Brominated compounds are associated with numerous health hazards, including harm to the nervous system. BVO can build up in the body, and research shows a connection between drinking large amounts of BVO-containing sodas over a long period and having complications such as headaches, irritation of the skin and mucous membranes, fatigue, and loss of muscle coordination and memory.
Since 1958, the FDA has classified BVO as generally recognized as safe, or GRAS, allowing the use of the ingredient without requiring it to be reviewed for safety. In 1970, that designation was withdrawn, but at the behest of an industry group, the FDA agreed to allow BVO in fruit-flavored drinks as a stabilizer. In 1977, the FDA permitted BVO to be used on an interim basis as a food additive at concentrations up to 15 parts per million, a designation that has lasted almost 50 years and points to the shortcomings of the regulatory process.
Today, the law allows food additive manufacturers to decide on their own what ingredients are GRAS without requiring that they notify the FDA. The practice of self-interested entities (manufacturers) deciding what ingredients are safe must be abolished. It must not fall to consumers to avoid ingredients harmful to their health. The federal government must take action to update the outdated food regulatory system. The FDA must play an aggressive role to ensure consumers are protected.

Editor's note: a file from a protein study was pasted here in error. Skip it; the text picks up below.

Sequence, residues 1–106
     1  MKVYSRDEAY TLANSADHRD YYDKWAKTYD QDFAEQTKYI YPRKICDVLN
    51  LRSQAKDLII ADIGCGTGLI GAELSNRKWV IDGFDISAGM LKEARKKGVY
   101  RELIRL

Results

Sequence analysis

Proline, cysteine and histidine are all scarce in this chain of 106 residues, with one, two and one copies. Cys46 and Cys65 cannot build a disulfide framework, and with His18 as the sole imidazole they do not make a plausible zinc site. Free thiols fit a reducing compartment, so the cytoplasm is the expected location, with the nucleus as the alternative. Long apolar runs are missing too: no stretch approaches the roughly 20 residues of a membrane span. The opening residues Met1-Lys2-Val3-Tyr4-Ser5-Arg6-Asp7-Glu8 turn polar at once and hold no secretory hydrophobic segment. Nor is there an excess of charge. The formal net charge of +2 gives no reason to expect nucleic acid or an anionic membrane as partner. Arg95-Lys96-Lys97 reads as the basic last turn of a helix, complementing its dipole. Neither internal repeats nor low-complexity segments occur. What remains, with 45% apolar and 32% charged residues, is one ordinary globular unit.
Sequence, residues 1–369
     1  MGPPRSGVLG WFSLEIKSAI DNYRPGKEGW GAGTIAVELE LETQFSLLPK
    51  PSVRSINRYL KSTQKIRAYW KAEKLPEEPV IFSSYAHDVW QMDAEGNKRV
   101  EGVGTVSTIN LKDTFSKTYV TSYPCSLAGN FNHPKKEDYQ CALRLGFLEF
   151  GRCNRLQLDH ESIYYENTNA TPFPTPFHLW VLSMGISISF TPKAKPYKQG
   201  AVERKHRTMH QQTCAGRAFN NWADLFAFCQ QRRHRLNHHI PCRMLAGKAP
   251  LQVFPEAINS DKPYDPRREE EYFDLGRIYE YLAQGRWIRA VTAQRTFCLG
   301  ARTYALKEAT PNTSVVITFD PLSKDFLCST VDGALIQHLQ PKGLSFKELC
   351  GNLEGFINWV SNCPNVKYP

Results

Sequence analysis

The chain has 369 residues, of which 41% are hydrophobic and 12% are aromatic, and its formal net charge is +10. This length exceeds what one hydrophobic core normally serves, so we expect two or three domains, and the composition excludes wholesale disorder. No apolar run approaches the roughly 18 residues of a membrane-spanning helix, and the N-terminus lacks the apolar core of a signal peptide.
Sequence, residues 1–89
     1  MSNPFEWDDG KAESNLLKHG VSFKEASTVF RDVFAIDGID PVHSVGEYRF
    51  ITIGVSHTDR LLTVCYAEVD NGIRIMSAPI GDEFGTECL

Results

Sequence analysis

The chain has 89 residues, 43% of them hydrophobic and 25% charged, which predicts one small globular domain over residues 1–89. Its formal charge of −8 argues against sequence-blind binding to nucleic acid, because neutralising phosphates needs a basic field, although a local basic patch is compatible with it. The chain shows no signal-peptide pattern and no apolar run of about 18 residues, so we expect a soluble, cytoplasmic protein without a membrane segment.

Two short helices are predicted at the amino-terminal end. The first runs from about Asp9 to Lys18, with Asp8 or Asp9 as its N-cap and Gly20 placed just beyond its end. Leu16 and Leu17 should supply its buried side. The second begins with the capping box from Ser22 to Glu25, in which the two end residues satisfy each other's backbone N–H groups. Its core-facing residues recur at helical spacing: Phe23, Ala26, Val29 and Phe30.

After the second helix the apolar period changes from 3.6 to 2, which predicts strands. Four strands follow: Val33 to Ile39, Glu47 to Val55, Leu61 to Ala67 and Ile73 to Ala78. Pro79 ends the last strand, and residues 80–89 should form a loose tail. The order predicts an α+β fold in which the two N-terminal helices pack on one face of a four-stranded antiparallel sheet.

In the meantime, in the absence of regulatory oversight, continue to browse the TSI Website for more information, alerts, and recommendations. Always read the ingredients label carefully to avoid BVO and other potentially harmful food additives. We suggest choosing fresh organic whole foods and drinking water rather than soda or juice to avoid BVO, other chemicals, sugar, and artificial sweeteners.
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